Wind tunnel PC constructed for World Community Grid cancer research.  Air flow supplied by standard box fan, achieving internal flow velocity

of 20+ mph. Designed with space for two full ATX motherboards and PSU in the central constriction area. 




That hole that some modder first cut in his side panel to get better air flow to his CPU had an effect that he couldn’t have foreseen – the side window panel. 

Modders are by and large proud people.  We take pride in what we do and we like it to be seen, even if only by ourselves.  After all the work we have done inside our PC we want to show it off.  So of course, the logical course of action was to cut a big hole in the side of it and cover it with a clear cover.  Sarcasm aside, that’s exactly what we as PC modders did.  This really opened up the field of form mods.  Unlike function mods, form mods are made by the modder to improve something’s appearance.  They can’t be quantified or measured and their benefits are purely subjective, but the majority of modding today is done for form.   


Modded XForma MBX MKII by Charles Harwood

Mod created by Charles Harwood.  XForma MBX MKII case, EK waterblocks, 

Mod One cable sleeving, rigid acrylic tubing. 


As the size of the group practicing PC modding grew, so did their connection.  Another general characteristic of the PC modder is that we like to talk about our work.  Sharing information on how a particular mod was done was key to the continued growth of the hobby.  Those new to modding could learn from the mistakes of those who came before them.   


Modding history: hardline tubing to RGB and distro plates

Hardline water cooling paved the way for other materials like PETG, copper, glass and carbon fiber.  RGB became the new norm.  Distribution plates make cooling routing easier while adding a unique aesthetic.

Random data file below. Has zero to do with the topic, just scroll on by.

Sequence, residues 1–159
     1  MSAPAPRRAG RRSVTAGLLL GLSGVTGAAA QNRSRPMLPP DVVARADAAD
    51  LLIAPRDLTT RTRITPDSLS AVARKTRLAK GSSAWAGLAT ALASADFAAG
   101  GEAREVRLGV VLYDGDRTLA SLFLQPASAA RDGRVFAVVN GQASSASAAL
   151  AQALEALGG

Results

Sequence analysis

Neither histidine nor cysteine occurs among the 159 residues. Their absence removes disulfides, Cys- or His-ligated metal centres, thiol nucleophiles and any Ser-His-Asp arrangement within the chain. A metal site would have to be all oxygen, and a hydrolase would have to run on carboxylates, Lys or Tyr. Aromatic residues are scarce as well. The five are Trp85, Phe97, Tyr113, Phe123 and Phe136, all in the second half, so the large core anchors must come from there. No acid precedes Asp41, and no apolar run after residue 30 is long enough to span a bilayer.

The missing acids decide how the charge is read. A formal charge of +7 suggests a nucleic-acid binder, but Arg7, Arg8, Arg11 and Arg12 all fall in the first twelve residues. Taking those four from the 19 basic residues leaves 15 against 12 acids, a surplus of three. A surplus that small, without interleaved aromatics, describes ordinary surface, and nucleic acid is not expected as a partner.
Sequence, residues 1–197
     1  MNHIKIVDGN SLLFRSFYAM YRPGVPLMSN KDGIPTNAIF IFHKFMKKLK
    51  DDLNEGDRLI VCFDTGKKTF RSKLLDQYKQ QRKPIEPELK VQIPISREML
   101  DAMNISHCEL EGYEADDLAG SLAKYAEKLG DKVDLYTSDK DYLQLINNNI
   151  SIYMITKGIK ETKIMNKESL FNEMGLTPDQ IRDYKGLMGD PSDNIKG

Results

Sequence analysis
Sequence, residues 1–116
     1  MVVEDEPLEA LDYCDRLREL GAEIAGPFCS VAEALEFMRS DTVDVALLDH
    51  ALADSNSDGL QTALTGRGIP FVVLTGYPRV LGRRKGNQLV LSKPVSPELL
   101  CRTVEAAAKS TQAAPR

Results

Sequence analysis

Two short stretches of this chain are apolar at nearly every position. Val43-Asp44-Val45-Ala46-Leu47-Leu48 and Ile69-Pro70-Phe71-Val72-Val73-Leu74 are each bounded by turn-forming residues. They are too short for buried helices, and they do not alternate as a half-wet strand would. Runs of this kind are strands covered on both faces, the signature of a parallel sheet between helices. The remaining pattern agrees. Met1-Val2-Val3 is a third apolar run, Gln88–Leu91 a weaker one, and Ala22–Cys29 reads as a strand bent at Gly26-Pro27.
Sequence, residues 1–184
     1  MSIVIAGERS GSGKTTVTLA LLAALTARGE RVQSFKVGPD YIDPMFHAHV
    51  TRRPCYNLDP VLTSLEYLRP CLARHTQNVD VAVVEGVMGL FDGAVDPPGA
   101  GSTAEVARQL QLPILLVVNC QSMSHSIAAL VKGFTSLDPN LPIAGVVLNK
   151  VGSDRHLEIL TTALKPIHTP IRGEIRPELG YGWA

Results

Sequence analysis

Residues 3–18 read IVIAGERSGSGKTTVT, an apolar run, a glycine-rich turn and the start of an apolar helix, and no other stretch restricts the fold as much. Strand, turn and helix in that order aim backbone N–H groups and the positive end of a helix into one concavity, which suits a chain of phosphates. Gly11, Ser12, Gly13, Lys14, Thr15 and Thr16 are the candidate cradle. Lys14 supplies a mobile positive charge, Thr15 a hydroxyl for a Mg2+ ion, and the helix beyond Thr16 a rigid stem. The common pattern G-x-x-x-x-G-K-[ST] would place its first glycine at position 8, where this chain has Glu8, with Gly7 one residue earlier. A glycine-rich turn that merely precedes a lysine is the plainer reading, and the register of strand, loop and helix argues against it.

The future promises to bring us the most amazing mods yet.


As form modifications became more popular and more mainstream, a few budding entrepreneurs took note.  They saw a market emerging and moved to supply it.  Until this time modders had to acquire their materials from many different places and often had to buy a lot more than was needed as that was the only way it was sold.  Once the modding supply industry came along it was suddenly even easier to get into it.  The more dedicated suppliers started offering kits to achieve a specific modification and even sold pre-modded cases.  Now the case you wanted with the side window and extra ventilation could be had with only a click of the mouse.   


Premod case with side panel window and front LCD panel

NZXT Guardian 921, released 2009.  Available with “premod” 

features like side panel window and front-mounted LCD display. 


PC case modification had gotten so popular at this point that larger manufacturers of PC components began to take note.  PC cases began to be offered with those sought-after side windows installed from the factory.  Other options like fan controllers, temperature gauges and lighting were available from the case manufacturers with the foresight to offer them.   

Those now-common side windows pushed yet another segment of the market to catch up.  Manufacturers of components that had until now been completely unseen suddenly had to consider the appearance of their product.  Motherboards, video cards, power supplies – all were open to visual scrutiny now, and paying customers wanted them to look good.   

Ironically, the popularity of PC modding has served to stunt its own growth.  Every manufacturer out there is now fully on board with the importance of aesthetics and functionality that was once unheard of in a PC case is commonplace.  Why would someone go through the time and trouble of adding a side panel window to a case when there are so many options out there premade?  It’s hard to argue the logic.  


"Modding is actually easy. It might look hard, but with patience everyone can achieve a great mod.”  —  Stephane Beaulieu, “Snef” 


Yet modding is still going strong.  It looks different than it used to.  Economics have made it more like building with blocks than making something with raw lumber.  Whatever you need for your mod, chances are someone makes it in a ready-to-use form.  That’s not a bad thing really – it shows the maturity of the hobby.  It makes it easier for more people to get into it, and I’m glad.  There are still those who cut up their cases and make their own thing, and I’m glad of that as well.  Those people are still innovating, and the industries are still watching. 

Modding is easier now than it ever has been, and remains the only way to get a truly unique PC.  We urge any of you who’ve been considering getting into PC modification to stay tuned, check out what we have to share with you, and go make that masterpiece.  We’ll show you how.